It’s no secret that the European Union lags behind on digital skills and on digital anything. It wants to change that with a massive digitalization plan.
The European Commission (EC) has announced an ambitious new plan to support initiatives around innovation, technology development and usage. The plan is said to has set a goal of raising 50 billion euros for reaching the goals within the next five years.
These funds include both public and private funding. The plan will also aim to link and merge existing national initiatives in the member states. There is also a goal to establish a framework across the EU for coordination. The plan takes into consideration other EU initiatives as well like the digital single market, telecoms reform and so on.
Open for all
EC says that the industry supports 33 million jobs in the EU. Brussels estimates that the digitalization can boost the European economy by up to 110 billion euros. The plan has set 37 billion euros for digital innovation, 5.5 billion for national and regional investment in digital innovation hubs and 6.3 billion for development and production of next generation components, including supercomputers and quantum computing. An additional 6.7 billion euros are set for the building and creation of an European cloud infrastructure, data centers and IT infrastructure to support scientists and technology experts.
“We need the right scale for technologies such as cloud computing, data-driven science and the internet of things to reach their full potential. As companies aim to scale up across the single market, public e-services should also meet today’s needs: be digital, open and cross-border by design. The EU is the right scale for the digital times,” says Andrus Ansip, vice president of the Digital Single Market initiative.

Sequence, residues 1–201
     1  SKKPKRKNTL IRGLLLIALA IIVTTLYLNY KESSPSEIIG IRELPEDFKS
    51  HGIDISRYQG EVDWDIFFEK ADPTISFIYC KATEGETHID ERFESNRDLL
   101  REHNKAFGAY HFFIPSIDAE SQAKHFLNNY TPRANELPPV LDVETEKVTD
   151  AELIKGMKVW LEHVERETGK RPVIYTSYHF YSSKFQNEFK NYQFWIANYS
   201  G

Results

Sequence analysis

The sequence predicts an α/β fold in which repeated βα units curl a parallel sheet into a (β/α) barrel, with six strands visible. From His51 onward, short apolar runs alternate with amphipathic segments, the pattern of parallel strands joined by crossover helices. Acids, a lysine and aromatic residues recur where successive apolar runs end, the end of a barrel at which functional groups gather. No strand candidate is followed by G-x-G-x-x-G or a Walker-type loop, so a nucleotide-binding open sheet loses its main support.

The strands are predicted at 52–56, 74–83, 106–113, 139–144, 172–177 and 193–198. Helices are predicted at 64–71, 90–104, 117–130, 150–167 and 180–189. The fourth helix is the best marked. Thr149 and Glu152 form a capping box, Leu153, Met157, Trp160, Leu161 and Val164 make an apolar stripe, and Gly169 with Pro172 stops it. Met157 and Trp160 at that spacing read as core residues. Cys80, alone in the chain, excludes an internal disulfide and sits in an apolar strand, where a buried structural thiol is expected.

Industry sectors like agriculture, construction, textiles and steel, as well as small and medium-sized enterprises (SMEs), are all falling behind in terms of digital transformation, the Commission says. “Europe has a very competitive industrial base and is a global leader in important sectors. But Europe will only be able to maintain its leading role if the digitisation of its industry is successful and reached fast. Our proposals aim to ensure that this happens. It requires a joint effort across Europe to attract the investments we need for growth in the digital economy”, Digital Economy and Society commissioner Günther Oettinger said.
The plan is going underway right now. The EC expects to have the management and policy body of the European cloud ready in the following months. The cloud itself should also start to operate by the end of this year. For 2017 there should be working single digital gateway to allow the users of the cloud to obtain and share all of their information from researches and studies, which will be open to everyone. By 2018 the first next generation massive data centers should also be ready.
“We are getting to the meat of the Digital Single Market now. The technology package unveiled doesn’t rush to regulate, which is welcome. For Europe to successfully transition to a digital economy there needs to be a policy framework in place that stimulates innovation, rather than stifling it,” John Higgins, director general of DigitalEurope says.
Image credit: Flickr (CC) / Leon Yaakov